Illicit Wildlife Trade

wildlife banner.jpg

The Covid-19 crisis has drawn increased attention to wildlife trade and to the work that many organizations do to prevent the Illicit Wildlife Trade (IWT).

The IWT and the smuggling of animal products are matters for customs and border control authorities and are addressed through the World Customs Organization’s (WCO) SAFE Framework of Standards. The role of WCO as lead agency with respect to maritime cargo security is recognized by both MSC and FAL Committees      (MSC-FAL.1/Circ.1).

FAL 40 noted that IWT has many parallels with illicit drug trade, an issue that was addressed by the Committee in the past through the adoption of resolutions MSC.228(82) and FAL.9(34) on Revised Guidelines for the prevention and suppression of the smuggling of drugs, psychotropic substances and precursor chemicals on ships engaged in international maritime traffic. The Committee, while recognizing that IMO is not the lead agency for the prevention and suppression of IWT or the smuggling of drugs, agreed that failure to take appropriate measures to prevent the carriage of such products on board ships might lead to seafarers or ships being delayed, including for legal proceedings.

Moreover, the IMO involvement in IWT by ship is relevant both for the IMO strategic plan: SD 5: Enhance global facilitation and security of international trade; and for the IMO commitment to support the implementation of the 2030 agenda, especially SDGs 12 (Sustainable Consumption and Production), 14 (Life under Water) and 15 (Life on Land).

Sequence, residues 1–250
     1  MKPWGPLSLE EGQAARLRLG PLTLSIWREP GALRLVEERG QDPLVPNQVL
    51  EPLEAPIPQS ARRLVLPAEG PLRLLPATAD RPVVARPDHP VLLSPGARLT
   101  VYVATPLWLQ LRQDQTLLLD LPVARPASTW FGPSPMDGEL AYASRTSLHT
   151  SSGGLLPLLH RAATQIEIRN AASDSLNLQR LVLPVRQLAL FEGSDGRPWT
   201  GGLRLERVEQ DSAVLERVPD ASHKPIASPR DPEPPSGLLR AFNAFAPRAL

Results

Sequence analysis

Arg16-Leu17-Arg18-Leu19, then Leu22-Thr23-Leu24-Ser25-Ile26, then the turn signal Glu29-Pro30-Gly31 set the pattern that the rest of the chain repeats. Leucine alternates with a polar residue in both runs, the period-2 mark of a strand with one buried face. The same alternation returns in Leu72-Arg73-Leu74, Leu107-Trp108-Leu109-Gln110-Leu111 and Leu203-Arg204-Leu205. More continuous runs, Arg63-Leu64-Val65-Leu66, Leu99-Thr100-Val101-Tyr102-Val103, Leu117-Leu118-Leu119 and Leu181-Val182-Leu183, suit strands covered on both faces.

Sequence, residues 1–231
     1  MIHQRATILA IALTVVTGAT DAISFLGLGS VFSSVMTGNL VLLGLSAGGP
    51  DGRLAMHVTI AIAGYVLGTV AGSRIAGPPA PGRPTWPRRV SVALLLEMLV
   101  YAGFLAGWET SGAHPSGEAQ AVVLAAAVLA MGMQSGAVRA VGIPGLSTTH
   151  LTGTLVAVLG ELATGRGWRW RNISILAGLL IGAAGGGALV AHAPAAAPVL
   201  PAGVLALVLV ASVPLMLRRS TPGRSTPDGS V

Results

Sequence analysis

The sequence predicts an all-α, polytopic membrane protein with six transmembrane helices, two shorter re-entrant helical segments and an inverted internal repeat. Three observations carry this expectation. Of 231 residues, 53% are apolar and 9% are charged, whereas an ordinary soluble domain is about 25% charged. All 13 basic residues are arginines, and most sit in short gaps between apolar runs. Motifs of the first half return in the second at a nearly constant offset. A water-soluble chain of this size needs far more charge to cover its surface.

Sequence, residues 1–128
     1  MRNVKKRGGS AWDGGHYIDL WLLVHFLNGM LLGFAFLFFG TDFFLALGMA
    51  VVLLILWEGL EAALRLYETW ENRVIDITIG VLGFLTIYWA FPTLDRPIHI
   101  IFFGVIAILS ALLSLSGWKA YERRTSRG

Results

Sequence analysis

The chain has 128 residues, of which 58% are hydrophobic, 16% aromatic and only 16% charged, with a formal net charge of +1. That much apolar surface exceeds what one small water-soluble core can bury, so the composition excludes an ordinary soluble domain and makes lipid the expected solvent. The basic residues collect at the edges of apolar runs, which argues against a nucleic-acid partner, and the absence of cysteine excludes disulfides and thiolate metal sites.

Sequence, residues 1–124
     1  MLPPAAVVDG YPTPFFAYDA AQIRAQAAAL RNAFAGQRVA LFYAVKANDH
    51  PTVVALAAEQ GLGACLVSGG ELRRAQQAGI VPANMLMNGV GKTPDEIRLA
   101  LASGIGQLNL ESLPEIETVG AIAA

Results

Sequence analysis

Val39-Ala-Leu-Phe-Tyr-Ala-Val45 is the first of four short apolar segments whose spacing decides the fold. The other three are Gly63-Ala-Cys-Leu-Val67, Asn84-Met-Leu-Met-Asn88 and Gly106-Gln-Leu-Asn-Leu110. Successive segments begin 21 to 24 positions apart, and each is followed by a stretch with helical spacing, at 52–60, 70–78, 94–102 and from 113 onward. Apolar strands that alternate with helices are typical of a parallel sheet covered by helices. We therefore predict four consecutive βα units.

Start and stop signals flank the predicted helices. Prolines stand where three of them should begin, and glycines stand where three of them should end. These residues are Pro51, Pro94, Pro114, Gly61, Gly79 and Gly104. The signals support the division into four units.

In this context, the IMO is one of the 150 signatories of the United for Wildlife (UfW) Transport Taskforce Buckingham Declaration, which is a landmark agreement to take steps to remove the vulnerabilities in transportation and customs in order to prevent IWT. UfW was created by the Royal Foundation of The Duke and Duchess of Cambridge and unites the world’s leading wildlife charities to prevent critically endangered species from being wiped out.

The IMO Secretariat participates in the UfW Transport Taskforce, which is a network of private, public and third sector partners working individually and co-operatively to reveal, disrupt and prevent illegal wildlife traffic.  In 2018, a Financial Taskforce was also created to address the role of financial institutions in the fight against illegal wildlife trade.


CITES (the Convention on International Trade in Endangered Species of Wild Fauna and Flora) is an international agreement between governments which aims to ensure that international trade in specimens of wild animals and plants does not threaten their survival.

United for Wildlife:  

Special Analysis: How will COVID-19 impact global wildlife trafficking?